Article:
How to Practice Respectful Travel in Botswana
Before beginning my first semester abroad, I was nervous about whether I would be welcomed as a foreigner in Botswana. Americans are notorious for disregarding local customs and may have a bad reputation in some places as a result. I wanted to make friends with locals and have an authentic cultural experience during my travel in Botswana, but I didn’t know much about the culture, lifestyle, or etiquette yet. Luckily, I was warmly received by the locals of Botswana (called Batswana), even when I made mistakes–which I did often. I found that showing a little effort to participate in the local culture goes a long way. Here are some tips on how to respectfully partake in Tswana culture.
Embrace the fashion and the lifestyle
Batswana love when visitors wear traditional clothing. Because there has been relatively little foreign involvement in Botswana’s history, there is no sensitivity around racial differences or cultural appropriation. In fact, my friends and elders were flattered that I appreciated their culture so much.
One of my favorite memories is when my host mother took me to the fabric store to pick out a special print, and then to a local tailor, where we were fitted for dresses together. I wore my dress often in the village and received lots of compliments.
However, most people in Gaborone, especially the younger generation, wear edgy Western clothing, so wearing full traditional attire in the city may come across as dated. I embraced both the village and city lifestyles, and felt at home no matter where I was.
Batswana are incredibly friendly, so people approached me often and enjoyed talking to me about what I was doing in Botswana, and if I liked it there. They also loved to teach me about their music, food, language, and traditions. At weddings, I was encouraged to dance and greet my elders by bowing, shaking hands, and using proper titles. I also quickly caught on to the popular music, and soon enough I was playing “Sista Bertina” and “Skeleton Move” at parties to entertain my friends.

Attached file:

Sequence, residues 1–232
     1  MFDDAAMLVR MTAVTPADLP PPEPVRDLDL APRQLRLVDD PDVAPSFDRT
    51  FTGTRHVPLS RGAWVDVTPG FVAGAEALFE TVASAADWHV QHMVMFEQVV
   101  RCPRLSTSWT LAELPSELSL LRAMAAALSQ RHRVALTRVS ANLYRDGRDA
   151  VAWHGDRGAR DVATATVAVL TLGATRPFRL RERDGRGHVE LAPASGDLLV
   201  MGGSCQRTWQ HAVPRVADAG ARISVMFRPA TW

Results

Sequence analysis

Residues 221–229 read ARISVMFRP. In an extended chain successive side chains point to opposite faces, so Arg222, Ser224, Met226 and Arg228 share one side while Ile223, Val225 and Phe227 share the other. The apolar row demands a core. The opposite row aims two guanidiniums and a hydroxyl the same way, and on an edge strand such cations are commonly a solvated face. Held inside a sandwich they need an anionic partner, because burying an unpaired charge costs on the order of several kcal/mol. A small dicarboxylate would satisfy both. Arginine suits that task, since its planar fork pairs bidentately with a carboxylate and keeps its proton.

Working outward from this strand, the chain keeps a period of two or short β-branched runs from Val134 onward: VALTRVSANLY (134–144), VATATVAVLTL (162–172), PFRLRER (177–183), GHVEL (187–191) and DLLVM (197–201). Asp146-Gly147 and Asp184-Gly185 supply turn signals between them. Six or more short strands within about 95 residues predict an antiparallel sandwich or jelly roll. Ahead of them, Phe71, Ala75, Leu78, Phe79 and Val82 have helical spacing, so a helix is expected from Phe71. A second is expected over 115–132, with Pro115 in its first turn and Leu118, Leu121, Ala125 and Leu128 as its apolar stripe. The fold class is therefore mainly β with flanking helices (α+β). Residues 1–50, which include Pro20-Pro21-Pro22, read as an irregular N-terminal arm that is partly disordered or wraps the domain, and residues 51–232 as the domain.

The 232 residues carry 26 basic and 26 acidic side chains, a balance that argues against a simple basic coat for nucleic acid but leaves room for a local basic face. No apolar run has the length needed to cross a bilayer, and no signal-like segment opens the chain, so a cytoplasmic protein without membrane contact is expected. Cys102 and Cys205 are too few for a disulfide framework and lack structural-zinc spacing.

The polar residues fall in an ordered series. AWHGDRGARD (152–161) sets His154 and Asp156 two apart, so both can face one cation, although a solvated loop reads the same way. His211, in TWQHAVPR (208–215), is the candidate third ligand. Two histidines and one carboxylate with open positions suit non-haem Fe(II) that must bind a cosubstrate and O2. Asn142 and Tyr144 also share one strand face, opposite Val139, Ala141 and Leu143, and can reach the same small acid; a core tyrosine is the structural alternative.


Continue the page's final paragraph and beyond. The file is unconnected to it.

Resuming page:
Try to learn the language
Like many people, I have a fear of making a fool of myself in another language, so I tend to cling to what I know best: English. Yet, everywhere I go I realize that learning the local language is incredibly rewarding and useful, even if most people know English.
Batswana are usually really flattered when you to speak their native language, Setswana, even if you’re not very good. Occasionally someone made fun of my pronunciation, but I would not let that stop me from practicing my Setswana. Most people truly appreciated it, especially my host family, who proudly witnessed me progress to speaking full conversations over time.
After passing the early awkward phase, my efforts were well worth it because people were regularly impressed by my new knowledge, and my network expanded once I could introduce myself confidently in Setswana. I remember when I went to buy a banana one morning from a lady at the cab station. I asked for the banana in Setswana, and her jaw dropped.
We had a pleasant conversation in Setswana about how I learned the language and why I was living here, and her appreciation made me so happy that I got over my fear of learning a new language. Of course, not everyone is welcoming to foreigners, but this skill will be very helpful in winning many people’s approval.